Original PowerPoint slide courtesy of Scott Ellinger

Follow the two lines of the same color, and you will see how these houses look today and how they appeared about 50 years ago.

What was done here was to stroll up and down section H using Google Earth Street View. 

From there, we were able to find a larger picture of the black and white photo above it.  You can easily see the guard house and the first house on the left as it appears today. 

Check the wall on the right with the picture above it and the two photos match up pretty well.  The angle of the picture is everything

  For me, this is the first house to the left after entering JianYe Road. 

The home circled in yellow is the location of the third photo shown on this post. The house circled in blue is the one next to the guard house in the first picture.

Saturday, March 3, 2012

Threads And Chains

It's been interesting to me how one photo can cause a chain reaction which may take somebody's ideas on and on until an entirely unexpected result occurs. 

It is similar, in some respects, to the "Six Degrees of Separation Theory." We know someone who knows someone else, and so on.

Just by these interrelated contacts, we are six people away from theoretically having contact with everyone else in the world. 

Because of the internet, e-mails, Facebook, Twitter and other inventions and discoveries, a recent look at the theory has lowered the number to 4 or 5 contacts.

Thanks go to Don Wiggins, Scott Ellinger and Larry Barton for providing pictures which comprise this posting. 

Their photos, although not necessarily related, cause the first and last pictures to be drawn together.

Photo courtesy of, 09/15/2010

One of Don's contacts provided him with this declassified 1969 satellite photo of the greater Grass Mountain (Yangmingshan) area.

Innocent enough, this photo debunked my thought of where the Grass and Gold Mountain work areas were located.

It also set into motion another man's efforts to clarify the many locations of what we were seeing.

Original PowerPoint slide by Scott Ellinger;
Courtesy, 09/19/2010

Army LTC Scott Ellinger took the first picture and ran with it. With his software, he was able to point out the Bank of Taiwan (BOT) housing areas in Grass Mountain.

Notice his Tien Mou area as well as the Navy hospital. 

For me, the "H"  Housing area was the most interesting, since we drove through it several times during our time in Taiwan.

There are 3 posts on this blog regarding 3 housing areas. Time, weather and neglect have tarnished the appearance of 2 areas, but the "H" Housing area is more pleasing to the eye now than it was in 1969.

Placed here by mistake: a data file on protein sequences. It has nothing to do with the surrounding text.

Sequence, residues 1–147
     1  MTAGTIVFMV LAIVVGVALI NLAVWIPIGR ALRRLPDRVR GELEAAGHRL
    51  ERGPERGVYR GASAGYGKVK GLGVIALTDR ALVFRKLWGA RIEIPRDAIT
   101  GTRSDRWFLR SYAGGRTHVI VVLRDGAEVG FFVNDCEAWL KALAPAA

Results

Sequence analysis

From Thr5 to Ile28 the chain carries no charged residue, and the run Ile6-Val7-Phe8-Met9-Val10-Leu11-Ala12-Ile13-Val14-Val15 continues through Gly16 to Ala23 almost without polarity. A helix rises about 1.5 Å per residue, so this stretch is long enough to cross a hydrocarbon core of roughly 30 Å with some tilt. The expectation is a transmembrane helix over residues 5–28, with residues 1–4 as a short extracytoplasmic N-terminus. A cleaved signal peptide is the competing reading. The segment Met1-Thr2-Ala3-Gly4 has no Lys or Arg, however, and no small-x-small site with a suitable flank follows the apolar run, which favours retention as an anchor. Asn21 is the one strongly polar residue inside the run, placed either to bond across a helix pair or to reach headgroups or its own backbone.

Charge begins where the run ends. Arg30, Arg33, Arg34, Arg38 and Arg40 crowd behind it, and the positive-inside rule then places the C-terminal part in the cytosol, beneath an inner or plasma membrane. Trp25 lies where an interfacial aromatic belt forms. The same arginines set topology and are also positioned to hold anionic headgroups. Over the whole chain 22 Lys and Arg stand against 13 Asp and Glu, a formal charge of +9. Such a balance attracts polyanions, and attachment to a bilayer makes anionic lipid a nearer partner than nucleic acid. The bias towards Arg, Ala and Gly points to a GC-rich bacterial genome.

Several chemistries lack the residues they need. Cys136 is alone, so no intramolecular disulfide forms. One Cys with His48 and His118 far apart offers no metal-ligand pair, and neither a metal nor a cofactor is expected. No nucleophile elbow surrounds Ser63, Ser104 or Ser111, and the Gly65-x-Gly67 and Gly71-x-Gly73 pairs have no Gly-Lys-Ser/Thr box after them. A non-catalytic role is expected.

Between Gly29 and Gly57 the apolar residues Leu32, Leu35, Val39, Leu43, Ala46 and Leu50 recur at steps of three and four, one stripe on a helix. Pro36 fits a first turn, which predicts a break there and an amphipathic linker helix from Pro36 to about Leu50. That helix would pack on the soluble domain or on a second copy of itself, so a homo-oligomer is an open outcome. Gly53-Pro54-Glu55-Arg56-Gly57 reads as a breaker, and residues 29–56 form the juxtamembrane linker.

There are about 20 individual homes in this area.

This red line is the turnoff from the main road onto Jianye Road which winds through the Section "H" housing area. You are looking north.

Heading south toward Taipei, we can see the Jianye Road street sign on the upper left.

The gas station is at the same location as it was in 1968.

This is an important intersection for this posting. Jianye Road continues to the left and on to the Taipei European School which can be seen in the background.

Turning right at this intersection puts you onto ZhongYong Road which continues past some more "H" Housing areas.

In 1968, this road continued all the way to the Grass Mountain work complex back gate. That is no longer the case.

Still on ZhongYong Road, we are approaching a guardhouse which is at the entrance of the high rent district.

Turning right will take you to the designated home in this "H" Housing area.

Photo courtesy of Larry Barton

Here we are near the end of the road. This photo almost wasn't posted previously as it was of a couple the Bartons knew.

But, they couldn't remember this couple's last name, so we posted it in case anyone knew their names.

Next comes the thread referred to previously.

Original PowerPoint slide courtesy of Scott Ellinger

LTC Ellinger had a different take on this photo. What interested him was the house.  He found the home as it appears today and matched it to how it looked in 1967.

So, that's how we got from one end of the thread to the other. I think it's cool to say the least.

It's all history, but I really enjoy "then and now" pictures.

Here's a full shot of the house in question.

The house above is circled in pink. It's right next to the drive leading to the cul-de-sac.